This is therefore a significant focus for both EMEC and our developer clients. Getting ringfenced market subsidy for wave and tidal energy will get the attention of private sector investors, which means that more effort can be put into improve the technology.
What are the main benefits of marine energy – and perhaps the biggest hurdles to a wider roll out and utilisation of relevant technologies?
There are a range of different technologies maturing at different paces. The real prize is to develop a robust energy mix that utilises the various forms of renewable energy alongside storage.
Solar energy, of course, can only be generated when the sun is shining, and wind energy is generated when the wind is blowing. Wave energy is essentially old wind: storm blows through and they leave a swell. So wind energy is generated first, then afterwards the energy is much denser in the sea, and so there is a nice synergy between the two forms in terms of trying to fill the grid with renewables. For the most, the sea is never really calm; it is much more consistent, whereas the wind is much more intermittent, and that is an important part of how it fits in the energy system.
Regarding tidal energy, this is even more pronounced. The tide goes one way for six hours and then turns around and goes the other way. That means that we see four pulses of energy a day coming from this source. Something that is particularly exciting about tidal energy is that you can pick any point in the future and know exactly what the tides will be doing. In essence, tides give you predictable, renewable energy, which is great in terms of both how you run the grid and how the world operates.
From an economic perspective, the ocean energy activity that we have had at our test site acts as a great case study of the impact this can have on a small community in terms inward investment, supply chain development, jobs, and infrastructure improvements. EMEC is based in Orkney, a small island off the north of Scotland, so it is great to be able to create economic growth and activity here, which is always challenging in such remote rural locations. Energy is the biggest market in the world, and if you can find a way to extract energy and create it yourself then it is possible to build resilience into these communities. That allows knowledge and expertise to develop, and then that energy can also start to be exported.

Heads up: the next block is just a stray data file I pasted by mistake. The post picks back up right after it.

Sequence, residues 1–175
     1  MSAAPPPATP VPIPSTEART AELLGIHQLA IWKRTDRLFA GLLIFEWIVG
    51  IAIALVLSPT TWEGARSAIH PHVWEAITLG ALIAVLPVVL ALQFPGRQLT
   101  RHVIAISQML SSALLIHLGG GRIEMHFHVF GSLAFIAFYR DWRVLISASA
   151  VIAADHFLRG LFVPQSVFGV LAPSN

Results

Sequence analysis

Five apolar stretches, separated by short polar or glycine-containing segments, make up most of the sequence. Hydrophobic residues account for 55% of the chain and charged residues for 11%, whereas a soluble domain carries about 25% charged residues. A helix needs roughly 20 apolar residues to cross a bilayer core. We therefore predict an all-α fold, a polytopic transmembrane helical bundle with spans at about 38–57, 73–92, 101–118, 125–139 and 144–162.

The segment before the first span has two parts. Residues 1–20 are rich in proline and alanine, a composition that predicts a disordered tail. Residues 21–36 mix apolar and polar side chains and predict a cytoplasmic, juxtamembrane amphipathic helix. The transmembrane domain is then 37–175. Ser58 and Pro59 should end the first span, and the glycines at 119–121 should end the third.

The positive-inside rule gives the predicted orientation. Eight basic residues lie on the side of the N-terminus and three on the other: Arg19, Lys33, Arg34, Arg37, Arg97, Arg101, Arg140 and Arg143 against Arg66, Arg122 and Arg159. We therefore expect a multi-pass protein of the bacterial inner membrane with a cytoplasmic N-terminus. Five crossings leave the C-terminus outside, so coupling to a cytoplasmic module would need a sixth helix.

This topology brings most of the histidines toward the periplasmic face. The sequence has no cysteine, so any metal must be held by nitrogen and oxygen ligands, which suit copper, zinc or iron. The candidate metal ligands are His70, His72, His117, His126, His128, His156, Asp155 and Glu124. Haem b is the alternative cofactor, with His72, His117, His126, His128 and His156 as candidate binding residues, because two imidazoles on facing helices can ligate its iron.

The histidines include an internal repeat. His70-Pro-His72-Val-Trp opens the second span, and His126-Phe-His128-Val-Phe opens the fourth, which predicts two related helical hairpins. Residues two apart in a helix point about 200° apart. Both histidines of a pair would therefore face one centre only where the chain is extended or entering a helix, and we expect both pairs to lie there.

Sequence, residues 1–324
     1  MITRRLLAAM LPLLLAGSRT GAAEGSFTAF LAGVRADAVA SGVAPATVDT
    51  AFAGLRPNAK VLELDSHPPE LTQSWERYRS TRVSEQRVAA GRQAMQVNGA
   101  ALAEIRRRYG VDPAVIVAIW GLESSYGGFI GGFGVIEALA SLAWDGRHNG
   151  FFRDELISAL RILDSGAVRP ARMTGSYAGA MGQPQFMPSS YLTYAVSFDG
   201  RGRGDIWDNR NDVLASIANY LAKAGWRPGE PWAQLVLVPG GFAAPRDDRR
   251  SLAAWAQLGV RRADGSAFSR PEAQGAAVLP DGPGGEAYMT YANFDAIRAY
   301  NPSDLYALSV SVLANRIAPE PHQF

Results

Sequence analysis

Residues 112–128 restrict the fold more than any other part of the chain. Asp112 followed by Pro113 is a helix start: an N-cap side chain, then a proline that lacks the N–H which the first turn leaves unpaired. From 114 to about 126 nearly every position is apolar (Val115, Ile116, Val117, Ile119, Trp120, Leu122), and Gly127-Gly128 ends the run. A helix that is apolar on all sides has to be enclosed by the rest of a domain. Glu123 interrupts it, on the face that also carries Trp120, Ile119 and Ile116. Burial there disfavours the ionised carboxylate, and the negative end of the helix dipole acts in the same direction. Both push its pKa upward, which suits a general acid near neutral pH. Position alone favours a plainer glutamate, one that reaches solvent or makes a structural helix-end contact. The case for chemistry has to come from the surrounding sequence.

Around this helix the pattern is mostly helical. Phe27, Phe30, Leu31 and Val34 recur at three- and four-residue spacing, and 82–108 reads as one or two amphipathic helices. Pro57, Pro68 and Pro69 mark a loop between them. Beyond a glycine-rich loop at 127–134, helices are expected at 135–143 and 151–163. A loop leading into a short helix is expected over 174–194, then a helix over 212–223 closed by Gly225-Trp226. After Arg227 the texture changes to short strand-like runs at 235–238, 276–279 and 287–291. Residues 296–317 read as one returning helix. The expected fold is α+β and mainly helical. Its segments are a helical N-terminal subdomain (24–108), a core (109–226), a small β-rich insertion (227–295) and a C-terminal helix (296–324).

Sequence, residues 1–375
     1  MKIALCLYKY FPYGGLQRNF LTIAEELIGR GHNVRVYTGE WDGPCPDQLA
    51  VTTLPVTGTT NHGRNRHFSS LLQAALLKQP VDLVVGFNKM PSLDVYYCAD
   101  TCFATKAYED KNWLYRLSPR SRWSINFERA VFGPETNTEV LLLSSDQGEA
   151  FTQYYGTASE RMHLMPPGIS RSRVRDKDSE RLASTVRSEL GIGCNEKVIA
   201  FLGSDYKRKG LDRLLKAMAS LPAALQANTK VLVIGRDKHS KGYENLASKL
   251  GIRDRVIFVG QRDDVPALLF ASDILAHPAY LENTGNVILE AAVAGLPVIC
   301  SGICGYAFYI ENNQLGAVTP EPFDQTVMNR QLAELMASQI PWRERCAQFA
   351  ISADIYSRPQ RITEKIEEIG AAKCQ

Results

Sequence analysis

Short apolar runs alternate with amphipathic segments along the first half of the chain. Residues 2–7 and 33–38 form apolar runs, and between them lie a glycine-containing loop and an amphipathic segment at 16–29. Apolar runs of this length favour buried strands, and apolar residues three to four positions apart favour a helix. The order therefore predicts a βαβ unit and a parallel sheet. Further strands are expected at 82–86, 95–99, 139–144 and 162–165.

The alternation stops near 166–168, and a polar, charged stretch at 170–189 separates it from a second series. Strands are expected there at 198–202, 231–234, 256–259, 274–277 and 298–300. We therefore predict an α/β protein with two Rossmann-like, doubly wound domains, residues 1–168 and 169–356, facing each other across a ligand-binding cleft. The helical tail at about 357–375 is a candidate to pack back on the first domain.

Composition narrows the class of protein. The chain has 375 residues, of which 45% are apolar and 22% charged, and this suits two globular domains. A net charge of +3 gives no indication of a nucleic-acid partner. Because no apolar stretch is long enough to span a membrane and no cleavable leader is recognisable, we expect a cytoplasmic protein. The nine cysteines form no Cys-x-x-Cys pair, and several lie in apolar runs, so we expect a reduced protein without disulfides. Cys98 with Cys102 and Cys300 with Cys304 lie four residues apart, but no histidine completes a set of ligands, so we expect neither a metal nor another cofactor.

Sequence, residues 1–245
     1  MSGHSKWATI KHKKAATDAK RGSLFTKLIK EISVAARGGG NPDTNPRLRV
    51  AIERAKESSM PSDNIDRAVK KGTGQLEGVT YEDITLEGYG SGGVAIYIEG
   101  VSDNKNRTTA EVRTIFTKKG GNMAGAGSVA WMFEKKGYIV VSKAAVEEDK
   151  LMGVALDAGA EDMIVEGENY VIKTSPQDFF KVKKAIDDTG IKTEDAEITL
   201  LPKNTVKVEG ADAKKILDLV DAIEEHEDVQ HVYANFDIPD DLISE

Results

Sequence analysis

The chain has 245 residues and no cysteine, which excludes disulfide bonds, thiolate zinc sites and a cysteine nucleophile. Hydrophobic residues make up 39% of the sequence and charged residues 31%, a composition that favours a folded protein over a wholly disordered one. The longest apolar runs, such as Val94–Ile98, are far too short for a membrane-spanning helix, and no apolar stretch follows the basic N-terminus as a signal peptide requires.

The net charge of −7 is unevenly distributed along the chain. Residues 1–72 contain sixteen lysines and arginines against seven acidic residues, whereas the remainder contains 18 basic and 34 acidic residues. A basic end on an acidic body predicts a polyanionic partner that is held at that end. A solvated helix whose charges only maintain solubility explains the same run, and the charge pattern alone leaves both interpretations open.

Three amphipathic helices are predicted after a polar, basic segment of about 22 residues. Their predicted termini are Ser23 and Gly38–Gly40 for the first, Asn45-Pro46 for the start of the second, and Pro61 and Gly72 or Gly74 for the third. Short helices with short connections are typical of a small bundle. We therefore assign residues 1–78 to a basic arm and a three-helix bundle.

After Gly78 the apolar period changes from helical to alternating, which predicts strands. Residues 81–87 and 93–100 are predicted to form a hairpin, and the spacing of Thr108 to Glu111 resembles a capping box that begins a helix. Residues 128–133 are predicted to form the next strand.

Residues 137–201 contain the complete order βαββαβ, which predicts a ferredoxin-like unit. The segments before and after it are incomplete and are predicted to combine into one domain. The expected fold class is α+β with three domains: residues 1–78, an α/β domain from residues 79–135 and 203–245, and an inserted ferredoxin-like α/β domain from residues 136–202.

The first-generation technologies such as wind and solar have already been created, but we need other energy resources to be harnessed as well to create a healthy energy mix.
At the European level, most of the supply chain from wave and tide is here. When you look to the development of wind, it is clear that we have not been able to capture the benefit as much as would have been liked, and so there are important lessons to be learned from that when we start to explore how we can scale up wave and tide.
What role does EMEC play here? What activities are you involved in that you are particularly excited about?
Technology Readiness levels (TRL) range from TRL1, essentially a concept idea, to TRL9, which is an approved product available on the market. Doing anything in the sea is expensive and risky, and we found the most expensive part of the journey towards TRL9 to be around TRL6 and TRL7, which involve building full scale prototypes, which is a significant challenge. The ‘valley of death’, into which many new technologies fall, is also a challenge to overcome to become a successful commercial company.